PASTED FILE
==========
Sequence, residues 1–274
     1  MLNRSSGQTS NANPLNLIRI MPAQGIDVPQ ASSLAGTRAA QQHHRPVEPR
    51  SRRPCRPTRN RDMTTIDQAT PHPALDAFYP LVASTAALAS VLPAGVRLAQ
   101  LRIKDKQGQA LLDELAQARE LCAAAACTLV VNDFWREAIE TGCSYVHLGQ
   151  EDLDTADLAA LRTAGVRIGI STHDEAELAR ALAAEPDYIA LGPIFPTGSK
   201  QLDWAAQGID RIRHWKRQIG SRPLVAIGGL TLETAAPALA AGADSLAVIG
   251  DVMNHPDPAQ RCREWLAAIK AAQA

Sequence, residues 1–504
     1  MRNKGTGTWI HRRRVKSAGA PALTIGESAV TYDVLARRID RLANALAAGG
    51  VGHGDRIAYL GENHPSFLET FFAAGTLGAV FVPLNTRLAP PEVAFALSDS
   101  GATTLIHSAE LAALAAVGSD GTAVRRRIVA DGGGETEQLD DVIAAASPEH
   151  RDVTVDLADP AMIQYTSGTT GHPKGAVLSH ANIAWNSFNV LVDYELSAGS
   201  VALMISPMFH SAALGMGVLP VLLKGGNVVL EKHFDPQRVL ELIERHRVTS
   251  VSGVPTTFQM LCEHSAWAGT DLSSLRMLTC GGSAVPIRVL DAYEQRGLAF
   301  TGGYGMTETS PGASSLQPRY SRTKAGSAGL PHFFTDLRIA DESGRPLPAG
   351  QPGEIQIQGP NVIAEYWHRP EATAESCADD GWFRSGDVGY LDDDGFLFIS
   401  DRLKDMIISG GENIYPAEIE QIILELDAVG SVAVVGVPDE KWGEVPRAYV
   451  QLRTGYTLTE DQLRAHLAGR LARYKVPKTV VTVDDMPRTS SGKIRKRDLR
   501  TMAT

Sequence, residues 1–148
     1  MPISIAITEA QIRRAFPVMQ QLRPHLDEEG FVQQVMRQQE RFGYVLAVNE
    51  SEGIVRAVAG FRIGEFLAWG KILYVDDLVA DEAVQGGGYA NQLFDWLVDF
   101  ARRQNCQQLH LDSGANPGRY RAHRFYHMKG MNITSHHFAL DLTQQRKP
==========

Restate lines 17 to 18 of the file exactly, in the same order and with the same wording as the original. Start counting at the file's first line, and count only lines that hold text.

   401  DRLKDMIISG GENIYPAEIE QIILELDAVG SVAVVGVPDE KWGEVPRAYV
   451  QLRTGYTLTE DQLRAHLAGR LARYKVPKTV VTVDDMPRTS SGKIRKRDLR